Development Cooperation Handbook/Stories
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When we think about development projects we think of objectives and achievements. So many hospitals built … so many teachers trained … so many villages electrified … and so on, so forth. Achieving objectives is, of course, important. But there is something else we need to say. It is the human story, the passion that drives cooperation workers, the joy - or frustration – they feel when they succeed - or fail - to bring more justice to the excluded.
We need to reveal the challenges. How are local communities utilizing infrastructures created for them? Do they agree with the information they receive? Was, what donors gave away, really what receivers wanted?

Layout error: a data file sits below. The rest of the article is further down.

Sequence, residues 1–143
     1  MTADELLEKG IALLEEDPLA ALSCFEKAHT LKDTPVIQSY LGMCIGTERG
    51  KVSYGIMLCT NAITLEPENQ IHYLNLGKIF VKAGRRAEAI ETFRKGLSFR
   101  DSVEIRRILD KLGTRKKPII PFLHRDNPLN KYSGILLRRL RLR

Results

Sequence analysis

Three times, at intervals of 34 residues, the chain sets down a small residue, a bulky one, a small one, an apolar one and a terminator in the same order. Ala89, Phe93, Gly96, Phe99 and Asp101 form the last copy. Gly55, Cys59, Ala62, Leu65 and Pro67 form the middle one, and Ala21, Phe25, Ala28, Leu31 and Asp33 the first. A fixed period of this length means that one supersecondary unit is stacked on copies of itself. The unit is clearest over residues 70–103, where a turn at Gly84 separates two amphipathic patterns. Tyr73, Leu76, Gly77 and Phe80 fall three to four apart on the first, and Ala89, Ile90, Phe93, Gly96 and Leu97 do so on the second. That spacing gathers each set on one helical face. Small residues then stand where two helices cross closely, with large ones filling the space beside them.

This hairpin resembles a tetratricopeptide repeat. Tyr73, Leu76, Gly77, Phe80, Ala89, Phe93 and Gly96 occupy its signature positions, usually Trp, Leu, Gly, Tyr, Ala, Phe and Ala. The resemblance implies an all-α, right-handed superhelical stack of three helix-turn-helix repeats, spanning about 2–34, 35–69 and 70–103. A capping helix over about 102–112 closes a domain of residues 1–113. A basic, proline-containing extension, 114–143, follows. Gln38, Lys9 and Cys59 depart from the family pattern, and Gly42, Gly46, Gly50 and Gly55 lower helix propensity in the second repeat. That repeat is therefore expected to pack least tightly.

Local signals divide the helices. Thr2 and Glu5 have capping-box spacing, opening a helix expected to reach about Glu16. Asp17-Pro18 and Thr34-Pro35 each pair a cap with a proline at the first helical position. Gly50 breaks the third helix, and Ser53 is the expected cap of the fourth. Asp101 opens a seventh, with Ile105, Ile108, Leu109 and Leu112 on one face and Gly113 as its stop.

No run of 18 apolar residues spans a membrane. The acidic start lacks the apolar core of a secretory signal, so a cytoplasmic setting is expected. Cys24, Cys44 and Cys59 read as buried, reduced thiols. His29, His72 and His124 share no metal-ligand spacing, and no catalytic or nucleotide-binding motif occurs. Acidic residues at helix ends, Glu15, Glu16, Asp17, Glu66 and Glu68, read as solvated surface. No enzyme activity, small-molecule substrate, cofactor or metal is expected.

While collecting stories of the work in progress for the Millennium Goals, we learned that no-one can bring freedom to others. Empowerment cannot be "given". Like we cannot “deliver” education. Nor can we “buy” participation.
Each one has to lead one's potential out of oneself. But, in order to recognize and express our potential, we need a society that does not marginalize and exclude. We need a healthy communication climate, where differences are respected and valued. We need freedom from mistrust and indifference.
Only then, can we act in a reciprocally empowering process: because we acknowledge that, in order to fully realize ourselves, we need the self realization of the others.